Once I was a clever boy learning the arts of Oxford... is a quotation from the verses written by Bishop Richard Fleming (c.1385-1431) for his tomb in Lincoln Cathedral. Fleming, the founder of Lincoln College in Oxford, is the subject of my research for a D. Phil., and, like me, a son of the West Riding.

I have remarked in the past that I have a deeply meaningful on-going relationship with a dead fifteenth century bishop...
It was Fleming who, in effect, enabled me to come to Oxford and to learn its arts, and for that I am immensely grateful.


Wednesday, 11 February 2015

St Scholastica


Yesterday was  St Scholastica's day, and I think I can report that there were no riots in Oxford this year, unlike 660 years ago, for which vide  St Scholastica Day riot.

That is unless that is one counts the meeting of Convocation today in the Sheldonian to discuss the height of the flats the University has built by the Castle Mill Stream that overlook Port Meadow. I suspect we have not heard the last of that particular question.

St Scholastica, the sister of St Benedict, is remembered particularly for the following episode shortly before her death:

Scholastica, the sister of Saint Benedict, had been consecrated to God from her earliest years. She was accustomed to visiting her brother once a year. He would come down to meet her at a place on the monastery property, not far outside the gate.
  One day she came as usual and her saintly brother went with some of his disciples; they spent the whole day praising God and talking of sacred things. As night fell they had supper together.
  Their spiritual conversation went on and the hour grew late. The holy nun said to her brother: “Please do not leave me tonight; let us go on until morning talking about the delights of the spiritual life.” “Sister,” he replied, “what are you saying? I simply cannot stay outside my cell.”
  When she heard her brother refuse her request, the holy woman joined her hands on the table, laid her head on them and began to pray. As she raised her head from the table, there were such brilliant flashes of lightning, such great peals of thunder and such a heavy downpour of rain that neither Benedict nor his brethren could stir across the threshold of the place where they had been seated. Sadly he began to complain: “May God forgive you, sister. What have you done?” “Well,” she answered, “I asked you and you would not listen; so I asked my God and he did listen. So now go off, if you can, leave me and return to your monastery.”
  Reluctant as he was to stay of his own will, he remained against his will. So it came about that they stayed awake the whole night, engrossed in their conversation about the spiritual life.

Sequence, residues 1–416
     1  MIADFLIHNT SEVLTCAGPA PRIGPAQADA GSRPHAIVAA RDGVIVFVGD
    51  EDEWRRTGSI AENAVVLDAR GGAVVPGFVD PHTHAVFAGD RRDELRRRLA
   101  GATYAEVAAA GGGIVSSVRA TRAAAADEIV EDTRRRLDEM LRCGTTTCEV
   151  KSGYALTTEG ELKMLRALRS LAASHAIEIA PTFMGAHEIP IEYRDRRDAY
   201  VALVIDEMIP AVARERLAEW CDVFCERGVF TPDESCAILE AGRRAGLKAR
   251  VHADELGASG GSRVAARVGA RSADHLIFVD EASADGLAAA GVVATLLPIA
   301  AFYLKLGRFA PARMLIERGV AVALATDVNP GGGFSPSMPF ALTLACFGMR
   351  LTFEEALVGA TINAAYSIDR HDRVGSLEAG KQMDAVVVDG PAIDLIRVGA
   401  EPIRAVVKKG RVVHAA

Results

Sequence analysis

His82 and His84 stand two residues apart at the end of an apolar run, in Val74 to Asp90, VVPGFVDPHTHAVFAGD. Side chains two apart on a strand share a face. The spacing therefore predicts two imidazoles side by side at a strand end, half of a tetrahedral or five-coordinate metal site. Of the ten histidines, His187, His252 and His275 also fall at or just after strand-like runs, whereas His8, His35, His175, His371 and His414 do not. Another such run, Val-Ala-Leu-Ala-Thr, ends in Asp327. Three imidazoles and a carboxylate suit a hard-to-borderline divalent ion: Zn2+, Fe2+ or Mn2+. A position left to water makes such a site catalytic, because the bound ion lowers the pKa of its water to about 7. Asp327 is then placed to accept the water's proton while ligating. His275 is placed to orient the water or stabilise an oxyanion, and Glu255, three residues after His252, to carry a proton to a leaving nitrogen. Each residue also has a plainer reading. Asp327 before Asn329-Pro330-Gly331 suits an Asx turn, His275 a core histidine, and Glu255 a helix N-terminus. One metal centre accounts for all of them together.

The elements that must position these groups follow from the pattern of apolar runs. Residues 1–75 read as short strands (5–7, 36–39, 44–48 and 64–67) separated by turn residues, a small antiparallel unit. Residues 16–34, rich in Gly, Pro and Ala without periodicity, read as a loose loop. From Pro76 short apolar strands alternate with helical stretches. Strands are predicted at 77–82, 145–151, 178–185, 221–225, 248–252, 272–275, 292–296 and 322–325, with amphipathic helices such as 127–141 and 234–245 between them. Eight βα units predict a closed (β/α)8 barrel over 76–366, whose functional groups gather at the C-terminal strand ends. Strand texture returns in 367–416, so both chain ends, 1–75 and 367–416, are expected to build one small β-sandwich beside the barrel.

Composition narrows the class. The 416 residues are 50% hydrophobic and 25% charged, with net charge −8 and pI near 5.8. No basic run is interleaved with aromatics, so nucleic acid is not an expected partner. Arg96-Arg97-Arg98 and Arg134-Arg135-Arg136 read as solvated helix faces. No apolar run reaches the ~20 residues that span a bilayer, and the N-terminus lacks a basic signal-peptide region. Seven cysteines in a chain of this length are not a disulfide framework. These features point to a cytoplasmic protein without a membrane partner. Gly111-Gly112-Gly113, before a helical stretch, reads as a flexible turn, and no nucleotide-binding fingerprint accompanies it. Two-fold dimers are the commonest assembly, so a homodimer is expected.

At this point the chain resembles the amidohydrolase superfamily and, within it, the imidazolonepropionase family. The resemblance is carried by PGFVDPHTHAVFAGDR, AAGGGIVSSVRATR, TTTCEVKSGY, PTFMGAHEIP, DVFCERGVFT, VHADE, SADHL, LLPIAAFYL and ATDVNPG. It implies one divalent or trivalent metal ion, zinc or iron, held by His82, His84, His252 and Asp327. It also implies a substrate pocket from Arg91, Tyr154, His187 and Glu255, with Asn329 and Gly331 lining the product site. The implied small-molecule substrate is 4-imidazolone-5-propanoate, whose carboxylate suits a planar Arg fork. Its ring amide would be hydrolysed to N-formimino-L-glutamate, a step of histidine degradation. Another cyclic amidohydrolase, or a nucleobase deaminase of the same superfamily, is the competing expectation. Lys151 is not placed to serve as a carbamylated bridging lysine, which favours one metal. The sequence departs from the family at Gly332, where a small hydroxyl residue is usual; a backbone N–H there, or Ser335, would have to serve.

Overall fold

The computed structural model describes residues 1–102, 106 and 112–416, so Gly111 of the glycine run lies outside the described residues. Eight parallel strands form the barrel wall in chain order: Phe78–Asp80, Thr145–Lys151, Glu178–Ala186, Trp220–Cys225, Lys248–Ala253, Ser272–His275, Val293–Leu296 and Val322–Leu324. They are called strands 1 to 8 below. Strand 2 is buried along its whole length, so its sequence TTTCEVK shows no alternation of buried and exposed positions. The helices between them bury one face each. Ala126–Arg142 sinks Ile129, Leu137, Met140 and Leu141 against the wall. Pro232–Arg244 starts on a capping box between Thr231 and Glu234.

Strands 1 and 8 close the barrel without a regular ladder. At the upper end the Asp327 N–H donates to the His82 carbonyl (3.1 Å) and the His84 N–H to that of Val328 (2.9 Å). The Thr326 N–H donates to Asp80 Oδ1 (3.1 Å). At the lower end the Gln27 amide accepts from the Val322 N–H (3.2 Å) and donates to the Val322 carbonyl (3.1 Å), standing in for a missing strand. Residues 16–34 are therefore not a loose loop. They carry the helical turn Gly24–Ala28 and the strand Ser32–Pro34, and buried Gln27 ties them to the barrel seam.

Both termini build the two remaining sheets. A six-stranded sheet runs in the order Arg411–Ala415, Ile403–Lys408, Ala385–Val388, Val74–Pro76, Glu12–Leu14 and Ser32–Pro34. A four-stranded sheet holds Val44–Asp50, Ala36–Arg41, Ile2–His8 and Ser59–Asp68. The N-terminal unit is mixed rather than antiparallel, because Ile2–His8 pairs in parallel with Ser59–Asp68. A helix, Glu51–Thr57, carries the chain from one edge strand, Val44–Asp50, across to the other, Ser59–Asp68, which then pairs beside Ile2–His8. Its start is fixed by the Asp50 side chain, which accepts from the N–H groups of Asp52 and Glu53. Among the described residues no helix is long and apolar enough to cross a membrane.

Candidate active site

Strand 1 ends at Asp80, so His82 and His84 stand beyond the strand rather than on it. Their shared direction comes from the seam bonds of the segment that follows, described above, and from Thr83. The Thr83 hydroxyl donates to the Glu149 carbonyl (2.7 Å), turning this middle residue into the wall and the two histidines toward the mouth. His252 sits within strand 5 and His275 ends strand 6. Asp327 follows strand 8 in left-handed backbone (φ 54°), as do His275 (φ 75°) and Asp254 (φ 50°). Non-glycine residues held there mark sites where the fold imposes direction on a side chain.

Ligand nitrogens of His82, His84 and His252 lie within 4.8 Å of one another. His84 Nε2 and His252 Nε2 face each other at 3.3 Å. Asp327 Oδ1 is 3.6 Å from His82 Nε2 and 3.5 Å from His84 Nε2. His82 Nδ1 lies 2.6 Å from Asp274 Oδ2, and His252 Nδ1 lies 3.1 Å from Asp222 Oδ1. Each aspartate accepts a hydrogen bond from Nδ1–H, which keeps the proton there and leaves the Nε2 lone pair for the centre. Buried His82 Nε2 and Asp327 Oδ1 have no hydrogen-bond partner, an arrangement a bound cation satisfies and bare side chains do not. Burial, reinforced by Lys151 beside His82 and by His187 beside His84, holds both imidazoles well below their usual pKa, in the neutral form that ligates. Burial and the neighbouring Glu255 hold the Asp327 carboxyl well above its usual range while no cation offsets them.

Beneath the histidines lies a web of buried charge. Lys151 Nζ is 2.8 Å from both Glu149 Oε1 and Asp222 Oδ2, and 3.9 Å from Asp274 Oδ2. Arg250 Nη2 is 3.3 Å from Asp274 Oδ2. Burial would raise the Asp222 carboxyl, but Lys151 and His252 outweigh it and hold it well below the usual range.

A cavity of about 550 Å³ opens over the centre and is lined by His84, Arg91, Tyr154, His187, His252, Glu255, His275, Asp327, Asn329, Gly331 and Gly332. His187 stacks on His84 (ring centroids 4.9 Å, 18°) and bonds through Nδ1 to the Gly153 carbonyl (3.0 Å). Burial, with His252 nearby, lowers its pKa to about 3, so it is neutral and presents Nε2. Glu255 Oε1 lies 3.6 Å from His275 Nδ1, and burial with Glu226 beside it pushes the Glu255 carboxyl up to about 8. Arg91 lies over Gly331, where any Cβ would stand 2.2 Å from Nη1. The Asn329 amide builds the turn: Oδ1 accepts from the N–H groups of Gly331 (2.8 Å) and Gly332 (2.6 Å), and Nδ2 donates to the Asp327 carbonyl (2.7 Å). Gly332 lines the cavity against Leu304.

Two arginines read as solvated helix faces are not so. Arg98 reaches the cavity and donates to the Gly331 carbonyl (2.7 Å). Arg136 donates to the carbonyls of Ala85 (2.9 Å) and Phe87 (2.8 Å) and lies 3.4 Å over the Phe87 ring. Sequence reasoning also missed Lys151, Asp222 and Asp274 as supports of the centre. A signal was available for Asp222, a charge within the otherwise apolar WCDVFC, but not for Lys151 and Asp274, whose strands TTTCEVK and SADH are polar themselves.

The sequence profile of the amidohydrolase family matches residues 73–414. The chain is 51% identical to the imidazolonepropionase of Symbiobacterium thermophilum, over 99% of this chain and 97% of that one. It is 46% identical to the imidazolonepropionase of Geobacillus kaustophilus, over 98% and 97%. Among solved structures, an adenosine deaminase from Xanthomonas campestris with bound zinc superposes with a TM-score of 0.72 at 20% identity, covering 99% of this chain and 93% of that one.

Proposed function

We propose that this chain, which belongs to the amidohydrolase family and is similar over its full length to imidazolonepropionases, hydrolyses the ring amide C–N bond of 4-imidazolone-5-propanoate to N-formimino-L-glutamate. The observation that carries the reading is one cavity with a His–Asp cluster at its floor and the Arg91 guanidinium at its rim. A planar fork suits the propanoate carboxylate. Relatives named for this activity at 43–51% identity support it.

It is not surprising that she was more effective than he, since as John says, God is love, it was absolutely right that she could do more, as she loved more.
  Three days later, Benedict was in his cell. Looking up to the sky, he saw his sister’s soul leave her body in the form of a dove, and fly up to the secret places of heaven. Rejoicing in her great glory, he thanked almighty God with hymns and words of praise. He then sent his brethren to bring her body to the monastery and lay it in the tomb he had prepared for himself.
  Their minds had always been united in God; their bodies were to share a common grave.

From the books of Dialogues by Saint Gregory the Great

 Translation from the Divine Office by Universalis


John Dillon posted some medieval images of her on the Medieval Religion discussion group:

Scholastica as depicted in a twelfth-century portrait in the Cappella di Sant'Anna at the Abbey of St. Benedict, Montecassino:

Scholastica as depicted in a late thirteenth-century fresco in the lower church of the Monastery of St. Benedict (the Sacro Speco) at Subiaco:

Scholastica and Benedict at table during her final visit as depicted in the mid- to later fourteenth-century Breviary of King Charles V (between 1347 and 1380; Paris, BnF, ms. Latin 1052, fol. 344v):

Scholastica and Benedict at table during her final visit as depicted in an early fifteenth-century copy of the Legenda aurea in its French-language version by Jean de Vignay followed by the Festes nouvelles attributed to Jean Golein (Paris, BnF, ms. Français 242, fol. 295v):

Benedict's vision of Scholastica's soul ascending to heaven as depicted in an early fifteenth-century fresco in the upper church of the Monastery of St. Benedict (the Sacro Speco) at Subiaco:

Scholastica as depicted by Andrea Mantegna in his later fifteenth-century St. Luke Altarpiece (commissioned, 1453) in the Pinacoteca di Brera in Milan:
The ensemble:

Scholastica and Benedict at table during her final visit as depicted by a fifteenth-century Umbrian master working in the transept of the upper church of the Monastery of St. Benedict at Subiaco:

Scholastica's body being carried to Montecassino as depicted by a fifteenth-century Umbrian master in the transept of the upper church of the Monastery of St. Benedict (the Sacro Speco) at Subiaco:

Scholastica (at right) and Benedict deep in conversation as depicted in a later fifteenth-century copy (ca. 1470) copy of the Legenda aurea in its French-language version by Jean de Vignay followed by the Festes nouvelles attributed to Jean Golein (Mâcon, Bibliothèque municipale, ms. 3, fol. 146v):

Scolastica (at right, with a rosary; at left St. Benedict; at center, the BVM and Christ Child) as depicted by the workshop of the Sparapane in a remounted earlier sixteenth-century fresco (1528) in the cattedrale di Santa Maria Argentea in Norcia (PG) in Umbria:


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